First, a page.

You will realize over time whether or not you need a tripod for your photography (and if you do, you will want a more expensive model at some point in the future), but it is important for a beginner to have a solid model as well. With that in mind, my recommendation is to get the Manfrotto MT190X3 tripod. It is not a perfect tripod, but I can say (having used the older version of this tripod extensively) that it should be more than enough for most beginners. Plus, at $150, it is pretty inexpensive (as far as good tripods go).

However, a tripod is not enough — you still need a ballhead so that you can adjust the position of the camera. I have tried a handful of ballheads in the $100 range, and I can say that the best (by far) that I have used is the Oben BE-126 ballhead. Even with my heaviest camera and longest telephoto lens, this ballhead has never slipped out of position, and it always locks tightly. This head isn’t quite as good as the most expensive ballheads from companies like Really Right Stuff or Arca Swiss, but it is fantastic for the price.

Total: $260

4) Software


There is a lot of competition for software that processes images, with the two most popular options being Capture One Pro and Adobe Lightroom. These two programs are similar — they both allow you to organize and edit your photos — but Lightroom is far less expensive. Some argue that Capture One Pro is better (whereas some argue the opposite), but Lightroom will is ideal for those on a budget, since it costs half the price. For what it’s worth, I only ever use Lightroom, and I find it to be wonderful.

Also, don’t give into the temptation to buy Photoshop just because it is so popular — most photographers will not actually need its features, since it is more of a graphics-oriented specialist program than something like Lightroom. Plus, it is far more expensive.

Total: $140, but $100 when you bundle Lightroom with a lens.

5) Lighting

Yongnuo Flash

Disclaimer: I don’t use much external lighting for my photos, mainly because I do not take many images of people. That said, most photographers will need a flash at some time or another, whether for portraits or for creative still-life photography.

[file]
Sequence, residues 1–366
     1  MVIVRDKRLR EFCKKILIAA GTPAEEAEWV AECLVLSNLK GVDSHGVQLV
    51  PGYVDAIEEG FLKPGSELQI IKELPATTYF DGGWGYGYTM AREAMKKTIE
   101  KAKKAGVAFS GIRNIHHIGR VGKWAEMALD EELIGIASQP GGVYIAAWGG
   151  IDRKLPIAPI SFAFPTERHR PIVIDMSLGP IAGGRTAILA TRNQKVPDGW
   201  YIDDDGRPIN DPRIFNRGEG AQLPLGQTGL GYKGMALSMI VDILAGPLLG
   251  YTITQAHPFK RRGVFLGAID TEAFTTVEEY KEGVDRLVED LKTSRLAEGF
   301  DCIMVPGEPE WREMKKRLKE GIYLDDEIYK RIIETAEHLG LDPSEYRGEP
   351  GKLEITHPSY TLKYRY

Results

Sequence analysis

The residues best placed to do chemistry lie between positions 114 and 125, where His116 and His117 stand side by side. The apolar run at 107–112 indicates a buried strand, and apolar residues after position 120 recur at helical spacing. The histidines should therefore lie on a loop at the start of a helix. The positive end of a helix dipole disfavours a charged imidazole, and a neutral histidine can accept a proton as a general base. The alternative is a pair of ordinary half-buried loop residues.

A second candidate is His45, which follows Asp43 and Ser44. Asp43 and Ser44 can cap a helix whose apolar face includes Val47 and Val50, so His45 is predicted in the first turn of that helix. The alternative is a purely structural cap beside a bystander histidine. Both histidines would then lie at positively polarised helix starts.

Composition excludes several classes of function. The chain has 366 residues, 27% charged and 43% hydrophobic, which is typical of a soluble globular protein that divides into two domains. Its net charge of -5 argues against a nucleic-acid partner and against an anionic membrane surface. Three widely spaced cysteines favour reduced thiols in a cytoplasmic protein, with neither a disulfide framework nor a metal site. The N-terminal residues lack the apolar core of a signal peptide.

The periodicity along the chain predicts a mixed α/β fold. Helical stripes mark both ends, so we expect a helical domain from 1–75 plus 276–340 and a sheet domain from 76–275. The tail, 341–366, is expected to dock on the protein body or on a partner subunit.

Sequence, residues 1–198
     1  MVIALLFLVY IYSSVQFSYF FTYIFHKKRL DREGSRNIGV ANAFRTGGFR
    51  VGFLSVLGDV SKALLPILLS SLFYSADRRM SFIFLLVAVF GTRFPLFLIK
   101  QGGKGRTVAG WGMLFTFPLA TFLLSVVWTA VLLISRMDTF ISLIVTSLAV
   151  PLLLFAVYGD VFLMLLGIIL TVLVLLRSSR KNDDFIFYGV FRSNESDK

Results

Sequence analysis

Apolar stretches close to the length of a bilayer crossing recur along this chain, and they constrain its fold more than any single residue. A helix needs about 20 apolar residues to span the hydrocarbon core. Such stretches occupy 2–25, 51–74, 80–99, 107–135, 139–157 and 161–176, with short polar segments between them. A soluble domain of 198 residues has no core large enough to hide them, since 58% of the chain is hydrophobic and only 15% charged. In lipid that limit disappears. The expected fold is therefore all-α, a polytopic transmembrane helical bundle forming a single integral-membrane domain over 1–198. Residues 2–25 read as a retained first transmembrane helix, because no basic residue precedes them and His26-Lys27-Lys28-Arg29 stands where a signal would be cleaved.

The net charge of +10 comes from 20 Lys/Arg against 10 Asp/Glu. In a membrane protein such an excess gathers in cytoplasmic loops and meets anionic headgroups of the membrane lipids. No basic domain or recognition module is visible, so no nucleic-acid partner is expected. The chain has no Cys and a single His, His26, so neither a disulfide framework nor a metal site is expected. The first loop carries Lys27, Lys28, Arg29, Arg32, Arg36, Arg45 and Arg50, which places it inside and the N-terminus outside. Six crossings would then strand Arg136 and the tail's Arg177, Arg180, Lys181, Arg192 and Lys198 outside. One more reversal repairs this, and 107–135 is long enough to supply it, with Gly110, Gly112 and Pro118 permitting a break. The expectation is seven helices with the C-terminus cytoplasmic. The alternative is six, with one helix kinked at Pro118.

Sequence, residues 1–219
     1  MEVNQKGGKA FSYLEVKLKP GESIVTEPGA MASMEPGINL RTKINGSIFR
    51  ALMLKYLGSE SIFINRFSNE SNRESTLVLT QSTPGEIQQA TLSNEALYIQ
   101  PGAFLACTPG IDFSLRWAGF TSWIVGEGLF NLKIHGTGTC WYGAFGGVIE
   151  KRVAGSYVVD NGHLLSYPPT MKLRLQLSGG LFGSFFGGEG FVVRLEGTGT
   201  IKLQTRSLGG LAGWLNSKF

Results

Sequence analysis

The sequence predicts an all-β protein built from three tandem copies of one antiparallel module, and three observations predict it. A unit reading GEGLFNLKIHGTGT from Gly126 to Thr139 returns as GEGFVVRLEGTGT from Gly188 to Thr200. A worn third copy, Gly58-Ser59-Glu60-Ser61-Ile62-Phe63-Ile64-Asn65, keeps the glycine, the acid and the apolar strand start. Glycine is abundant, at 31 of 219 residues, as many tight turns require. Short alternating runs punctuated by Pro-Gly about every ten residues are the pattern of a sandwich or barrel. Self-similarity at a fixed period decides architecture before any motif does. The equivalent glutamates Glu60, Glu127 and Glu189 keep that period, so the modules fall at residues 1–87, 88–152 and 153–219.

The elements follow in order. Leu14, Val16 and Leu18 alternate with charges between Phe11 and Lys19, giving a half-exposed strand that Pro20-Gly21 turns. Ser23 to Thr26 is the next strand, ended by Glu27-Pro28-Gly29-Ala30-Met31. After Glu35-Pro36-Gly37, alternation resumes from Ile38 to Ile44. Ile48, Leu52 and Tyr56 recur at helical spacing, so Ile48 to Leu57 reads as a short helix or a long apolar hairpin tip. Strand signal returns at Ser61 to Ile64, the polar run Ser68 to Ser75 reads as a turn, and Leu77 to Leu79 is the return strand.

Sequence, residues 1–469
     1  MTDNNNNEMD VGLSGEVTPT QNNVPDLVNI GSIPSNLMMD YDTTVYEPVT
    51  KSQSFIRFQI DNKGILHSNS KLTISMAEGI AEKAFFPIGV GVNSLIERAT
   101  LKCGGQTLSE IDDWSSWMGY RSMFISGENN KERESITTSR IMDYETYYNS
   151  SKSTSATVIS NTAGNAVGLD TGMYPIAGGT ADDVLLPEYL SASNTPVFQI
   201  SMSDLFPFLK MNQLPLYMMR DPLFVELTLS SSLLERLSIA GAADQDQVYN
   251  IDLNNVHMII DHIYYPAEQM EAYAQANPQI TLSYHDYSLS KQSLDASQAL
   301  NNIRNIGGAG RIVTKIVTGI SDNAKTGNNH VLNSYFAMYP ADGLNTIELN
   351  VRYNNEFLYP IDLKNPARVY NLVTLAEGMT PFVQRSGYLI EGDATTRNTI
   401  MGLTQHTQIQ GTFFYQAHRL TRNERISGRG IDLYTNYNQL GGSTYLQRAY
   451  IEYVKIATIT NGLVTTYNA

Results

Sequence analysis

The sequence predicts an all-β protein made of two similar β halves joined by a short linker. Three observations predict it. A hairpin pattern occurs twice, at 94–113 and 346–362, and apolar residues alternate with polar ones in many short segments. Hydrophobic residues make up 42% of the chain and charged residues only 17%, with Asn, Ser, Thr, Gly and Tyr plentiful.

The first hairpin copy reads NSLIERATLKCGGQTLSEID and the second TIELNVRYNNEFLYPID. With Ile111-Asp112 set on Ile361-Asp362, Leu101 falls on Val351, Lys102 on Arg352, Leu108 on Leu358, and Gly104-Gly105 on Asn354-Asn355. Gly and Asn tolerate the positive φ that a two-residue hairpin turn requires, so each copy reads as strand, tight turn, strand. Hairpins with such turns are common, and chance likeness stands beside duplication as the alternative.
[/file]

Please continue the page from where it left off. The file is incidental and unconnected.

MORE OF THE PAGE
Nikon brand flashes cost hundreds of dollars, assuming that you want a flash that can function off-camera in an automatic (TTL) mode. However, third-party flashes with those features can be fairly cheap — check out the Yongnuo YN-568EX, an extremely well-specified flash for the price of $105. Depending upon the genre of photography you practice most, this may be the only flash you need.

You may also want some light modifiers (such as reflectors), but I don’t recommend getting anything more until you are sure that you want to do portrait photography. There is no end to the world of light modifiers, and a beginner should learn the basics before deciding which complex lighting setups to buy.

Total: $105

7) Filters


Filters are another essential element of a photographer’s toolbox. With digital cameras, only a few filters are even necessary in the first place (the old color-correction filters for film can be replicated using software like Adobe Lightroom) — but some filters cannot be replicated in post-processing. The single most useful filter for digital photography is a polarizer. Just like polarized sunglasses, these filters cut glare from shiny surfaces (other than metal), they darken skies, and they reduce haze. Plus, they make images look more vibrant and saturated.

If you are not a landscape photographer, you will want a polarizer because of these benefits — and if you are a landscape photographer, you will probably never remove the polarizer from your lens! Depending upon the lens or lenses that you use, you will need to get a polarizer of a specific size. Polarizing filters (and filters in general) are sized in millimeters — just like the front rings on a lens. For a lens with a 72mm ring (like the Sigma 18-35mm f/1.8 that I suggested above), you would need a 72mm filter.

If you are on a budget, buy a polarizer that is the same size as the filter ring of your largest lens. For example, you may choose to go with my suggestion to buy both the Nikon 35mm f/1.8 DX and the Sigma 17-55mm f/2.8 OS. If you do, these lenses have different filter ring sizes — the Nikon is 52mm, whereas the Sigma is 77mm. To use the same filter on both lenses, get a 77mm filter a plus a 52mm-to-77mm step-up ring. This is a lot less expensive than buying two filters!

Filters can be expensive, and with good reason — a bad filter will harm the image quality of every image you take. So, don’t skimp on a filter! One brand known for a good balance of price and quality is Hoya, which is my first recommendation for a beginning photographer.


If you decide that landscape photography is your favorite type, you will probably need two additional filters: a graduated neutral density filter to darken skies (get a rectangular graduated filter, not a circular one) and a regular neutral density filter to blur moving water. However, both of these are specialist filters, and I recommend waiting until you know what you want before buying either. For now, a high-quality polarizing filter should be more than enough.

Total: $60 if you bought the Sigma 18-35mm f/1.8, a bit over $90 if you bought the Nikon 35mm f/1.8 and Sigma 17-50mm f/2.8 OS. 

Ok, so that’s a bit over $2000. If you get the items above, you truly could go for years without needing any more photography equipment. And, when you do decide to buy more specialized gear, all of these items are high-quality enough that you can keep them around for a long time.

I hope this article has helped you see what you need to put together a camera system for a moderate budget.